Too much capacity. Capacity is a very legitimate concern for service providers. In our industry analyses, PharmSource has quantified significant overcapacity in commercial and clinical injectables manufacturing and biomanufacturing, and expects the problem exists throughout the industry. As described, contractors are typically competing against four other service providers for each contract, and the effort to establish new client relationships is intense.
Reduced early-stage funding. The difficult investment climate in the general economy is affecting the bio/pharma sector. Financing from initial public offerings has practically disappeared and while venture capital funding in aggregate has remained level, it seems to be benefitting fewer companies. Early-stage companies depend on CROs and CMOs for development activities but need funding to pay for them.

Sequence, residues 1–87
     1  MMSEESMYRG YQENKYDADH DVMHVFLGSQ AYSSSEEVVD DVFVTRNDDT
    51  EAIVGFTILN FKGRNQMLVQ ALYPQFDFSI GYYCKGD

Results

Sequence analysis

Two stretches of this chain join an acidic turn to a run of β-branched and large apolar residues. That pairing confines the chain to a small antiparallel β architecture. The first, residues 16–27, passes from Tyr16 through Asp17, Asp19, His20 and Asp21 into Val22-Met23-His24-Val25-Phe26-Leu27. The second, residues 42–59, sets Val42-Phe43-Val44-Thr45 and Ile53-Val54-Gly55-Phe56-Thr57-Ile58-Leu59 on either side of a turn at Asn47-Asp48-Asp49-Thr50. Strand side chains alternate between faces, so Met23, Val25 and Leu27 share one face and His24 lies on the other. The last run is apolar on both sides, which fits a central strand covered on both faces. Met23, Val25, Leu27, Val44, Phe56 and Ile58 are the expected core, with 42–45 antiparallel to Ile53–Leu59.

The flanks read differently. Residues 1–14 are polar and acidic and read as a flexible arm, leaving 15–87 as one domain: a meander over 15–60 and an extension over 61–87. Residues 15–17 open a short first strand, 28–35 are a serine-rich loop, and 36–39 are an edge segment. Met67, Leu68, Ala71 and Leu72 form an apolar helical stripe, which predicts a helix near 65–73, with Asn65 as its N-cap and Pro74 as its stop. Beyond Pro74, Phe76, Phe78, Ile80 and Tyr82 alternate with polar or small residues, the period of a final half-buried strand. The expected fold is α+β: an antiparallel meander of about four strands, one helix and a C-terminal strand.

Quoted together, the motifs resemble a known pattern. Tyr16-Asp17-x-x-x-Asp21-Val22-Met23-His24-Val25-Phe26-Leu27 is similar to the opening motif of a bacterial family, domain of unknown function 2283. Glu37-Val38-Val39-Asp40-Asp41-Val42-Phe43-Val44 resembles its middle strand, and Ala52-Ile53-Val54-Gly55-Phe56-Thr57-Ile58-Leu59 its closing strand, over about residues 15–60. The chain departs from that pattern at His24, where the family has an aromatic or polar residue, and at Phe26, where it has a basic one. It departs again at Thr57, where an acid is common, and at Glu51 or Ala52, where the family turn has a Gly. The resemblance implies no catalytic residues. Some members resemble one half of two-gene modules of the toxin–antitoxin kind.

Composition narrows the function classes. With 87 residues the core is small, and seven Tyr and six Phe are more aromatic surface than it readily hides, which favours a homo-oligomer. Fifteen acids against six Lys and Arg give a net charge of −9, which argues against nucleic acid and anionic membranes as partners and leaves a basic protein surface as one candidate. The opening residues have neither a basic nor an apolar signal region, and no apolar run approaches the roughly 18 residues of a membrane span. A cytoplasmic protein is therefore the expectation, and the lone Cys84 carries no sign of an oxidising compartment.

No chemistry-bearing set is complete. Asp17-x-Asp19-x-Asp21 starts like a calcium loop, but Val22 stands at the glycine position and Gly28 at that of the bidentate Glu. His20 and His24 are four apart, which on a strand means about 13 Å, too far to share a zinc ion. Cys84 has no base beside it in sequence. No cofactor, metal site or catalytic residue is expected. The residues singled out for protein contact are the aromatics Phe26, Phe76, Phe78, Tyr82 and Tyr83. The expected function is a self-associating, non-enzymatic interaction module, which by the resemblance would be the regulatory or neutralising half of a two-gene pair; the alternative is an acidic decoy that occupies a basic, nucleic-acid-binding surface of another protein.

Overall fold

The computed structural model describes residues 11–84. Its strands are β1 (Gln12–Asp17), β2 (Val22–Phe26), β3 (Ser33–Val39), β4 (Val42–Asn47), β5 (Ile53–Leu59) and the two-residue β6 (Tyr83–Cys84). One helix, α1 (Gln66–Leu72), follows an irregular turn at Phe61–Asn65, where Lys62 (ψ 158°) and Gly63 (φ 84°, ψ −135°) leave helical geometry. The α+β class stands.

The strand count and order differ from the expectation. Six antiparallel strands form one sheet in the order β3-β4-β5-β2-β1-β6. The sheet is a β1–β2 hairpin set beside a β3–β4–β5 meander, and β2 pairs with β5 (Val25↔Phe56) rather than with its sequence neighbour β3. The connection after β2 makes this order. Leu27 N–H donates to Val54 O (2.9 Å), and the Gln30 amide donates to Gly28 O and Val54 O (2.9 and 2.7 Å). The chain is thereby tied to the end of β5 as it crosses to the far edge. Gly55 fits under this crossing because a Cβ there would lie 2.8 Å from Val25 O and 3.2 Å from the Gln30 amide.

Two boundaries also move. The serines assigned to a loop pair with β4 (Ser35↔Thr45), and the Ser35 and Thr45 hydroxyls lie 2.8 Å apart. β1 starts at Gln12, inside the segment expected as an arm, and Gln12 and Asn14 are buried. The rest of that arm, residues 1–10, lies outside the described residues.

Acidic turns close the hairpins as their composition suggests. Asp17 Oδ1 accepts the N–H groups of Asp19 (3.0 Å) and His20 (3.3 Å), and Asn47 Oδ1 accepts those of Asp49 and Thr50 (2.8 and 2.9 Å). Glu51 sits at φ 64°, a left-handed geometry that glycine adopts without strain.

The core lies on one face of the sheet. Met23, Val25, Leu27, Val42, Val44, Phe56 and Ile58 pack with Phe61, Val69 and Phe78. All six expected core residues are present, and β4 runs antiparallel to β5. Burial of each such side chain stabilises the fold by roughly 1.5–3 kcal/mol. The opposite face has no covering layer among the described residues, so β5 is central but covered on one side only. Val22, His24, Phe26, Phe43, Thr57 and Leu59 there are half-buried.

Reduced Big Pharma R&D spending. More major pharmaceutical companies are following the "proof of concept" development model long followed by early-stage companies. The model seeks to minimize expenditures on a drug candidate until basic safety and efficacy are established, usually by Phase IIA. As a result, companies are spending less on process, formulation, and analytical development services for early-phase candidates but more on the smaller number of candidates that make it to later development. Major pharmaceutical companies are also pushing on price as never before.
Overall, the survey responses reflect what PharmSource has been hearing from frequent conversations with service providers and bio/pharma companies. The 2008 PharmSource–Pharmaceutical Technology Outsourcing Survey draws a picture of an industry that is still growing robustly but could be facing a slowdown in the months ahead. Overall demand and market conditions will be the envy of other economic sectors, but service providers will to have work harder to achieve the kind of results they have become used to in recent years.